The court found ten federal district courts had analyzed postcard-only policies. Of those, four found the policies constitutional and two found them unconstitutional. The two cases where the policy was invalidated had been filed by PLN. The postcard-only policy at the JCADC was revoked in November 2013 while Cox’s lawsuit was pending.
The district court held there was no “credible explanation of how the postcard-only policy is more effective at preventing the introduction of contraband than the former policy of opening envelopes and inspecting the contents for contraband.” When comparing the postcard-only policy to the former policy of subjecting incoming mail to a routine, industry-standard inspection, “the rational relationship between the postcard-only policy and enhancing security dissolves.”
The defendants countered that the policy resulted in more efficient jail management. While the court found that was an appropriate factor to consider, there was no evidence to support it. The court noted that “[w]hile the policy would reduce the amount of mail that would need to be opened and inspected, more staff time would be required to prepare the notices for the mail returned or rejected under the policy.”
In finding there were no alternative means to exercise the right to communicate, the court held the policy “inhibits rehabilitation” by deterring persons from writing about personal and family matters, which can damage close relationships. Forcing the JCADC to accommodate prisoners’ rights by reverting to its old mail policy, the district court found, would have little “ripple effect” on staff and detainees. The court noted there were no other ready alternatives available, and that other prison systems “allow letter mail without compromising security.”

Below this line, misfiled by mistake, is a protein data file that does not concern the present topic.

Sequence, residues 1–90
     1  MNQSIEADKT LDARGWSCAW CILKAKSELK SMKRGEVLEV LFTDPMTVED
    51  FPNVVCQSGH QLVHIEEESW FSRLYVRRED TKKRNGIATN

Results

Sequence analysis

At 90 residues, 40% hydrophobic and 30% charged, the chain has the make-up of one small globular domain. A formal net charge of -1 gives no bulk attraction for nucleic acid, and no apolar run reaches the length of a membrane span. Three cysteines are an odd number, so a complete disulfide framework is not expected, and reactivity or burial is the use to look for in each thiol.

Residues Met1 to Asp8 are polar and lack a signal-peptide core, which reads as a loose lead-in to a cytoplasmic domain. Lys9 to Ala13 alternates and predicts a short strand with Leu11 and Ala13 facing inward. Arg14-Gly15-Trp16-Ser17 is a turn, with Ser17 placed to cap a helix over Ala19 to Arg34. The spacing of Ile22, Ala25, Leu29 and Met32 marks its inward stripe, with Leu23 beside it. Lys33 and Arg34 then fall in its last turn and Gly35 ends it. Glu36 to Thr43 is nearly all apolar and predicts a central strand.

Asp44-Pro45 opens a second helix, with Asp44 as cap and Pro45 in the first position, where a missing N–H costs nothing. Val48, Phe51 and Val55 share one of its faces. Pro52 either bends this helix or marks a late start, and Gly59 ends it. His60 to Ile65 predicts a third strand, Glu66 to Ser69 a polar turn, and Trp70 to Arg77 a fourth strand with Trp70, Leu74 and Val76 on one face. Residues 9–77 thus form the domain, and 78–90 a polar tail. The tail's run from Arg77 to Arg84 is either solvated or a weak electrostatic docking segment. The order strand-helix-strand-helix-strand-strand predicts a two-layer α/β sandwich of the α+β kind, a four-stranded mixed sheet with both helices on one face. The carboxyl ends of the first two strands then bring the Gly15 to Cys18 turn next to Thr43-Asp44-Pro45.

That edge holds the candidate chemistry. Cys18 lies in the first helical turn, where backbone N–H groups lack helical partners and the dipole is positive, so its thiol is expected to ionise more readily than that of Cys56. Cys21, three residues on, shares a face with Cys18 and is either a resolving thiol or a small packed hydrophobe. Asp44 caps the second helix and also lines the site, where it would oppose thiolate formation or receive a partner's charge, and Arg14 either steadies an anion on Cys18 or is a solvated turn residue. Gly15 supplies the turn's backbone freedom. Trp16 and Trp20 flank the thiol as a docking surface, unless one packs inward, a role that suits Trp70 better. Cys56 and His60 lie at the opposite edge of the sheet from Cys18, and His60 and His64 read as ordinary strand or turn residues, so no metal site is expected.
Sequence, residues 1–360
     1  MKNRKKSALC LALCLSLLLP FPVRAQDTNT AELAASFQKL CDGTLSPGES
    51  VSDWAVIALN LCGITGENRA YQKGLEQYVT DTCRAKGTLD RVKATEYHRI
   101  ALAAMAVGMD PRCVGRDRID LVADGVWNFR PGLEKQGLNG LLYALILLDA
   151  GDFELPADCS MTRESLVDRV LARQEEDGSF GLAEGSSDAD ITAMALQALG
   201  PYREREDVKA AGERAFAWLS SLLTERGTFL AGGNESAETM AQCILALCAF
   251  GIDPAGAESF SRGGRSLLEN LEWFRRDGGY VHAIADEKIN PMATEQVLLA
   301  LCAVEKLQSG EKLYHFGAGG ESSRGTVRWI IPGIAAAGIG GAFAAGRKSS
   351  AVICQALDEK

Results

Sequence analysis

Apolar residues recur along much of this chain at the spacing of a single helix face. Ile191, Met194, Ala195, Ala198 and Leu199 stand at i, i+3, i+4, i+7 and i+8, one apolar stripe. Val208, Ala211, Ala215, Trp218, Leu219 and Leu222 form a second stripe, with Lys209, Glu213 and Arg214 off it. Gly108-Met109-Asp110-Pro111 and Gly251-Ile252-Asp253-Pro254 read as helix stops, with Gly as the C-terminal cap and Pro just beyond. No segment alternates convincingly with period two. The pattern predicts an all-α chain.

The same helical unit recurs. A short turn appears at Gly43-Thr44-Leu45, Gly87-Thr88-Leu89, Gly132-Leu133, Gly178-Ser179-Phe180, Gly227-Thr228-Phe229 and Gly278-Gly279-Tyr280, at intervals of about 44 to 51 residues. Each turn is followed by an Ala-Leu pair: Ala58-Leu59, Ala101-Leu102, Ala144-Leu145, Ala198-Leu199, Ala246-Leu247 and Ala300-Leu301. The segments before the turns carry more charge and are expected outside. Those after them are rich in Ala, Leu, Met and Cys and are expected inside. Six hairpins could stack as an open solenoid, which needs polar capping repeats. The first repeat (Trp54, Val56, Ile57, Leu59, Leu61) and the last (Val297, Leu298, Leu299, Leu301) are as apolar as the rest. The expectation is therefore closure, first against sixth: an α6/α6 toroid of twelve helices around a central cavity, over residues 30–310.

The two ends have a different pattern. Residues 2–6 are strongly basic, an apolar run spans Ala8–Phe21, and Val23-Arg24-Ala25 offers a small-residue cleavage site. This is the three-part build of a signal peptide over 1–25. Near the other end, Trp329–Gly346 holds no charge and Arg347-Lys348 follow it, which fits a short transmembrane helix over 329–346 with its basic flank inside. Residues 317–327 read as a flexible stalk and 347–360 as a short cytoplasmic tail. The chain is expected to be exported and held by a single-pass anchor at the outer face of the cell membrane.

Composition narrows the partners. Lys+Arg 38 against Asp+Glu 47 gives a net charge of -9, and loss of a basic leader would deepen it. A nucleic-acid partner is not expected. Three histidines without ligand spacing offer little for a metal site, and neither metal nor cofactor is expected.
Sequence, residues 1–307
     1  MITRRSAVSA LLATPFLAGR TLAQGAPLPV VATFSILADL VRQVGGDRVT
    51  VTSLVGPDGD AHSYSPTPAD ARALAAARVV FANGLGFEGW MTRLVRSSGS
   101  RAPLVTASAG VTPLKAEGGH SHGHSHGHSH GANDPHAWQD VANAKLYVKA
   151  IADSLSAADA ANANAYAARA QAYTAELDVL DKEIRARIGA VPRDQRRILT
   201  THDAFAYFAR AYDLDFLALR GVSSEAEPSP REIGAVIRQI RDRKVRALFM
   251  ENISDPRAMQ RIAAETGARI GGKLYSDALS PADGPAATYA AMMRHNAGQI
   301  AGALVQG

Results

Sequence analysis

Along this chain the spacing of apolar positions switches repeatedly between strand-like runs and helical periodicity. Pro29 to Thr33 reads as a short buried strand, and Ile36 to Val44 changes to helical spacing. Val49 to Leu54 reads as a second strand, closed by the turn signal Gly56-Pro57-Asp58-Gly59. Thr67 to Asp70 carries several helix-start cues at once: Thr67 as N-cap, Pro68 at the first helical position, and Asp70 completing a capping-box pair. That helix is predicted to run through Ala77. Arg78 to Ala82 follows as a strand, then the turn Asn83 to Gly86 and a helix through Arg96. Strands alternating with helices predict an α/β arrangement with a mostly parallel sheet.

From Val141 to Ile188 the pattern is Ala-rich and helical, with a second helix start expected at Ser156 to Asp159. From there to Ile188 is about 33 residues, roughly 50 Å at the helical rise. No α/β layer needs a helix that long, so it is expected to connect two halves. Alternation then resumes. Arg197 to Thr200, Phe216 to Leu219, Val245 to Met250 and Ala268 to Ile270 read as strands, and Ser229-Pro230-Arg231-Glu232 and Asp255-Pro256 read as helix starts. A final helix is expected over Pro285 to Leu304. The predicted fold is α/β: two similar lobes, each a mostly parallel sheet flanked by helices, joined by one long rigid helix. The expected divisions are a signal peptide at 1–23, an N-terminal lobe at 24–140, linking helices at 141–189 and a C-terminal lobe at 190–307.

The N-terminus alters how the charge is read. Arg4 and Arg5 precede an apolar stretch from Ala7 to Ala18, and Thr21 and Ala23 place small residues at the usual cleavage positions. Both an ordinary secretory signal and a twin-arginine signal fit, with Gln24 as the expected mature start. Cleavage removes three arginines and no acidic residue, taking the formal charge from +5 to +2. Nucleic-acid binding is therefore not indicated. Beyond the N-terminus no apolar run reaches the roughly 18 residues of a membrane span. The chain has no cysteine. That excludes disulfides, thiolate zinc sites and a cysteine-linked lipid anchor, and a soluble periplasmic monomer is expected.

In a September 29, 2014 order, the district court granted Cox summary judgment on his challenge to the jail’s postcard-only policy and set his damages claim for trial. It also set for trial his retaliation claim for filing multiple grievances related to a kosher diet. Other claims related to cross-gender camera surveillance and nighttime recreation resulted in a grant of summary judgment to the defendants.
The case proceeded to a bench trial on March 9, 2015 with Cox representing himself, and final judgment was entered in October 2015. The district court held that Cox had failed to prove his First Amendment retaliation claim for filing grievances. With respect to damages for being subjected to the postcard-only mail policy while incarcerated at JCADC, the court determined that Cox had suffered actual damages and awarded him $50 for each of the four letters that were rejected, totaling $200. His request for nominal damages was denied. Cox has since appealed the judgment and his appeal remains pending. See: Cox v. Denning, U.S.D.C. (D. Kan.), Case No. 2:12-cv-02571-DJW.
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Related legal cases
Jackson v. Ash
|Cite||U.S.D.C. (D. Kan.), Case No. 2:13-cv-02504-EFM-JPO|
Cox v. Denning
|Cite||U.S.D.C. (D. Kan.), Case No. 2:12-cv-02571-DJW|